When: Tue., June 21, 9 p.m. 2011
There are plenty of instrument inventors out there, but few have the rigorous vision of Minneapolis oddball Paul Metzger. On last year's stunning The Uses of Infinity (Locust), he coaxes iridescent overlapping tones from his custom-made 23-string banjo that make it sound like a distant cousin of the Indian sarangi. He plucks snaking melodies on the instrument's brittle-sounding primary strings while strumming others to produce rippling, evanescent sympathetic drones; despite his work's surface similarities to Indian classical music, though, Metzger doesn't imitate raga structures, instead designing his own architecture of motific development. He recorded the six-part composition on Infinity in a century-old Duluth cathedral, and the space adds a nice natural reverb. —Peter Margasak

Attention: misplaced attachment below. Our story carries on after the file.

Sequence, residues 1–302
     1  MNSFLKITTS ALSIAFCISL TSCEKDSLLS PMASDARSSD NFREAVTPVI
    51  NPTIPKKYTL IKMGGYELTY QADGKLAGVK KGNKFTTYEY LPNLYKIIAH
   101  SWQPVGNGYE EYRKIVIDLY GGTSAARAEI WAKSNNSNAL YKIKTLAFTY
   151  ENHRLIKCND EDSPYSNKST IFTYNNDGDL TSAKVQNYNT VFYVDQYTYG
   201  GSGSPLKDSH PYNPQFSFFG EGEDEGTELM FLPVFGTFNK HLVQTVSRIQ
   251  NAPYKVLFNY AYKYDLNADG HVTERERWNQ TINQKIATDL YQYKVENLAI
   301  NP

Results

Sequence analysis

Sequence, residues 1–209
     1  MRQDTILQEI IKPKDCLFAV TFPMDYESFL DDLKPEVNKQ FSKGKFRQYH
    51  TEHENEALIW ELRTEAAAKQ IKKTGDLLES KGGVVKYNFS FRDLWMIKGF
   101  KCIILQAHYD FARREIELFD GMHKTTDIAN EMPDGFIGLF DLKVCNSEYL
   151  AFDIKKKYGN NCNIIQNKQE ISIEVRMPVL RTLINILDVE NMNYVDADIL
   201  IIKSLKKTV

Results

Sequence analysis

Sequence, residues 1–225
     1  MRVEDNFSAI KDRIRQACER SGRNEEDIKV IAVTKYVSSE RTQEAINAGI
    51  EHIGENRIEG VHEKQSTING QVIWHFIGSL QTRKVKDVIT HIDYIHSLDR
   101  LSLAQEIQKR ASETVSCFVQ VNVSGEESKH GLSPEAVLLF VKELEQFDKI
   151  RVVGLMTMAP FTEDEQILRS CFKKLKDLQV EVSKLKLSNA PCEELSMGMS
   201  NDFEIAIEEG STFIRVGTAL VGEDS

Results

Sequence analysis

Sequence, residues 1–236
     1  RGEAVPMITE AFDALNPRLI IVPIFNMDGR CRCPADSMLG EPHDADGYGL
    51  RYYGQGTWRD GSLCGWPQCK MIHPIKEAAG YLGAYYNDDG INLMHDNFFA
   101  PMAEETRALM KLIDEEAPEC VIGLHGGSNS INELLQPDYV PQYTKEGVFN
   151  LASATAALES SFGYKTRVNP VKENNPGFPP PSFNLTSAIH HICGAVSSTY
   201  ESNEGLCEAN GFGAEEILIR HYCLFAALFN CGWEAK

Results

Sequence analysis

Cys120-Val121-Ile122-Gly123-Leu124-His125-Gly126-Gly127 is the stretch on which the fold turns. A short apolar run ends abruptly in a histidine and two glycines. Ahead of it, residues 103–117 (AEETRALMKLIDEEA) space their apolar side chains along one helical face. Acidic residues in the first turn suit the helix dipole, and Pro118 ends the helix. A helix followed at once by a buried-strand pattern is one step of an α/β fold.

Thus far ingratiation and compromise haven't much figured into Dutch lutenist Jozef Van Wissem's campaign to rescue his instrument from museum-piece status. He seems to prefer to showcase the lute's capacity to thrive in challenging nonperiod settings—he might improvise freely with west-coast freaks Smegma, for instance, or play solo pieces that illustrate the links between Renaissance compositions and contemporary minimalism. But Van Wissem isn't completely averse to interfacing with the mainstream. That's him plucking away on the soundtrack to the video game The Sims Medieval, and on his new album, The Joy That Never Ends (Important), he duets with filmmaker Jim Jarmusch, who places ribbons of guitar feedback into the empty spaces in the lute's stair-stepping strums so exquisitely that I wonder if he shouldn't give the movies a rest and go full-time into music. Robbie Lee (bass clarinet, contrabass recorder, banjo, electronics) and Che Chen (violin, percussion, bowed rawap, tape delay) share Van Wissem's interest in merging the sound worlds of the Renaissance and the present without lapsing into men-in-tights fakery, and they perform with him as the trio Heresy of the Free Spirit. Their own music covers an enormous range, from gentle explorations of woodwind and string textures to savagely psychedelic blowouts. —Bill Meyer See also Monday.